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Grain Engorgement in Weaners

Eliz Braddon, District Veterinarian, RLPB Young

Posted Flock & Herd May 2007


A local producer made contact the about losing 7 month old weaners overnight. He had lost 15 out of 2000. They have been fed barley, lupins and a bit of triticale on a trail for weeks with no apparent change in feeding schedules or practices. The producer had noticed no problems until the previous day when they found 14 dead and one sick. They were fully vaccinated with 5 in 1 and drenched with Genesis in three months previously.

The sick animal was presented for examination and post-mortem.

Clinical findings

Post-mortem findings

The lamb was euthanised and necropsied with the following results:

Image of sheep <em>post-mortem</em> showing rumenal contents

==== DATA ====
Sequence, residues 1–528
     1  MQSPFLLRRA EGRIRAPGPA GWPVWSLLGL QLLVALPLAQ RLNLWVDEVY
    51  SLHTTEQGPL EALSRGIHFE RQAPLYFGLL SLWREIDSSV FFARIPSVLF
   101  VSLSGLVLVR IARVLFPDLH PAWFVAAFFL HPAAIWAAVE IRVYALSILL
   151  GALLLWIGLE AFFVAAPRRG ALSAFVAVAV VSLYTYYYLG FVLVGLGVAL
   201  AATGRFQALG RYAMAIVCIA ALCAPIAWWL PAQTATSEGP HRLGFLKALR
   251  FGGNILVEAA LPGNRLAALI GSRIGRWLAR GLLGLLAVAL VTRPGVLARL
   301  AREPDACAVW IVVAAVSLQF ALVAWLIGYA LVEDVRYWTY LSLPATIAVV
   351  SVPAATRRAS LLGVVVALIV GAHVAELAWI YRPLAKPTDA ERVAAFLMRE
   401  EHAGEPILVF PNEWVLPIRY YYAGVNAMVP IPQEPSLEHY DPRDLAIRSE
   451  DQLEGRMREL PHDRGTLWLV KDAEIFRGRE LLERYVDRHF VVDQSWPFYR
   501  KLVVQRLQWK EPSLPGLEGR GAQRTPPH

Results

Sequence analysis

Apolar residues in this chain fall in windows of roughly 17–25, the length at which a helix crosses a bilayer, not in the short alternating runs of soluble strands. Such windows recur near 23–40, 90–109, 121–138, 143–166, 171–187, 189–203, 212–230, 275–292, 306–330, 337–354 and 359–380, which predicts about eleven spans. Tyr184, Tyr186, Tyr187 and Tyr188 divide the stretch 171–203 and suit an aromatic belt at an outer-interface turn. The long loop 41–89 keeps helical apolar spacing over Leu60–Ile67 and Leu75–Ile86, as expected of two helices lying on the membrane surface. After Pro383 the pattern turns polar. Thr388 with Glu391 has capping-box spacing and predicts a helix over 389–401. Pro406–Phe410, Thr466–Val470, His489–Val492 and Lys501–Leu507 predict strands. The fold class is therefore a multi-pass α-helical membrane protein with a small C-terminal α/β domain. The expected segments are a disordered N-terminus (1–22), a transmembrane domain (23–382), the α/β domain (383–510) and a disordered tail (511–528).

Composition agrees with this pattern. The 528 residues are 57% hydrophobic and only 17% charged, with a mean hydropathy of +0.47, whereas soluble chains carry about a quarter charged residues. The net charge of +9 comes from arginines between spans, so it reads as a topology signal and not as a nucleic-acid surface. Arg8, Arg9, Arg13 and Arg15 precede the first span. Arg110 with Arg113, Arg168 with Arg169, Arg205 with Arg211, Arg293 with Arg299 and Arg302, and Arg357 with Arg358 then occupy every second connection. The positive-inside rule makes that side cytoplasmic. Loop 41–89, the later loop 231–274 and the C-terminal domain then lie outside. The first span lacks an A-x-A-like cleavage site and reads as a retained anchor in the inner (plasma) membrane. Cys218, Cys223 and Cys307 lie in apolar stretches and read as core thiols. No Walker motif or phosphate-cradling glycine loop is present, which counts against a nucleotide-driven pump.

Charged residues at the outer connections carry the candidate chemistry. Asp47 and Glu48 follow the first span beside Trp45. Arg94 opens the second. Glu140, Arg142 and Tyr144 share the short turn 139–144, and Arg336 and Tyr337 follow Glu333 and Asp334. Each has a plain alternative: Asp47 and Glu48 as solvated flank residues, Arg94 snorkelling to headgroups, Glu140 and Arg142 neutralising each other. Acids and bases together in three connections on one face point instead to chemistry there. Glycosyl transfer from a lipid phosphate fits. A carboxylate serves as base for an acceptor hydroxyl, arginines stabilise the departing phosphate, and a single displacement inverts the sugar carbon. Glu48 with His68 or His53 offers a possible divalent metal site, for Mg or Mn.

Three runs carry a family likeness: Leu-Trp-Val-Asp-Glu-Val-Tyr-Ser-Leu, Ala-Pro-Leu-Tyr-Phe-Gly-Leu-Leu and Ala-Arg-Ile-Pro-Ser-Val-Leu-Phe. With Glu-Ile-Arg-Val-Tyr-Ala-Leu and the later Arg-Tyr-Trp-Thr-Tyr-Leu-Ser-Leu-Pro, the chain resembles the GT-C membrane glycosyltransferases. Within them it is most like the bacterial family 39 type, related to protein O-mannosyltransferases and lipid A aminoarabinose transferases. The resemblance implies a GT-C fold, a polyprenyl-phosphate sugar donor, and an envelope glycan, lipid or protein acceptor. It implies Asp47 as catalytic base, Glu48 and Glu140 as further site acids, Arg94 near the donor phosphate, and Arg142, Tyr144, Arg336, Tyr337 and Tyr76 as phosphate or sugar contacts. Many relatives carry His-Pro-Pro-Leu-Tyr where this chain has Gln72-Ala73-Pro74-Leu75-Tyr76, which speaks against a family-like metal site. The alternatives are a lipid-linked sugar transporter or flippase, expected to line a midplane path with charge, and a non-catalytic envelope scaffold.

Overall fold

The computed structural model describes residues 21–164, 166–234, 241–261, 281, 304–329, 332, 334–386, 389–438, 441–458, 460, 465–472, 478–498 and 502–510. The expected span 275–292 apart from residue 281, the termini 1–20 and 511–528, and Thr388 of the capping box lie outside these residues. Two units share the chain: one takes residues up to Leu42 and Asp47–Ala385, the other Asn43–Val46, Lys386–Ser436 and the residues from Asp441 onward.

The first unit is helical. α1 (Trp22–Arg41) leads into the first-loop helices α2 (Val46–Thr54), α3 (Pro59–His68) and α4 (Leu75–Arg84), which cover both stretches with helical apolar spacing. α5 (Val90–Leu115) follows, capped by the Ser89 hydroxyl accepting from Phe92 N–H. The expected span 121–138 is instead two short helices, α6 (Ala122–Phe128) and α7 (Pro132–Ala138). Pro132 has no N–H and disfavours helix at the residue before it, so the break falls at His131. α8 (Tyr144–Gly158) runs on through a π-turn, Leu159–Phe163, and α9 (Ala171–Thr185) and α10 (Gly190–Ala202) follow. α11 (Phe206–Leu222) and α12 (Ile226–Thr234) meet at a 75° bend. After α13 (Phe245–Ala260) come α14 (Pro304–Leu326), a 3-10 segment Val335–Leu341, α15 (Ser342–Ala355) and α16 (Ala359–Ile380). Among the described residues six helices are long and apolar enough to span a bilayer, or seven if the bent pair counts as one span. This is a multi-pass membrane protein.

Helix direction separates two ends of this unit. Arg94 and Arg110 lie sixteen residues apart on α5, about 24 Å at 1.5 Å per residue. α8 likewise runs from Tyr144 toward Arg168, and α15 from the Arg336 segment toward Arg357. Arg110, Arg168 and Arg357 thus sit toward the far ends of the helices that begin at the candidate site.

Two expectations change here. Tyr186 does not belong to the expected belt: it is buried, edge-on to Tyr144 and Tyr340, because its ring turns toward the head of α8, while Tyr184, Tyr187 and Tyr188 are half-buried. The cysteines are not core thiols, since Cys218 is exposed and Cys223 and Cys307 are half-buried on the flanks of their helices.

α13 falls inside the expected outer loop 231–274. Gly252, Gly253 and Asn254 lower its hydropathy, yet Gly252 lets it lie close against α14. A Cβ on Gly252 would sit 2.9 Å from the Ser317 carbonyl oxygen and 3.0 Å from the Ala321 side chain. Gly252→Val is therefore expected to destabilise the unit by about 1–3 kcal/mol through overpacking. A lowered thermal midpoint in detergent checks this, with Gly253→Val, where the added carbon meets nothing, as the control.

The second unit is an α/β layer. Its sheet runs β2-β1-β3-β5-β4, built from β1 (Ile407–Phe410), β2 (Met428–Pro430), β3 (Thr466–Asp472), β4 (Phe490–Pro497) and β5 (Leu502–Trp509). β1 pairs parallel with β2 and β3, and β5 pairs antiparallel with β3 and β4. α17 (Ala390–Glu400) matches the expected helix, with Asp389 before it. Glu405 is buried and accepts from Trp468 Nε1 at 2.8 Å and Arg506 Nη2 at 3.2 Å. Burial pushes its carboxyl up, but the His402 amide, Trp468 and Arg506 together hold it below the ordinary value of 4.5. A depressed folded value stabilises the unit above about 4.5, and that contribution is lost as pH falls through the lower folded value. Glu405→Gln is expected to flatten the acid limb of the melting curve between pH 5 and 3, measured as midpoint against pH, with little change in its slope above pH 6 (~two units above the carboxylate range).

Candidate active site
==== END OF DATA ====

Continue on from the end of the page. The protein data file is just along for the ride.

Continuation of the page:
Large volume of rumenal contents with pale yellow liquid visible at right
Image of sheep rumen showing sloughed lining
Large areas of sloughed lining around rumenal pillars


Based on the history, clinical findings and post-mortem examination, grain poisoning is the most likely cause of the problem. Sloughing of the lining, associated with the rumen acidity is a common finding in grain overload.


On further questioning of the owner, these weaners were on a stubble paddock and being supplemented with grain by trail feeding. There has been rain over the past few days prior to feeding the grain. The rain may have prevented the weaners from getting out and feeding on the paddock feed, thus making them very hungry, with limited fibre to buffer the grain fed.

Advice was to start feeding out hay as well as the grain, as the stubble may have lost some of its value. Also to watch that the trail does not get too thick where a single animal can get in and gorge itself.


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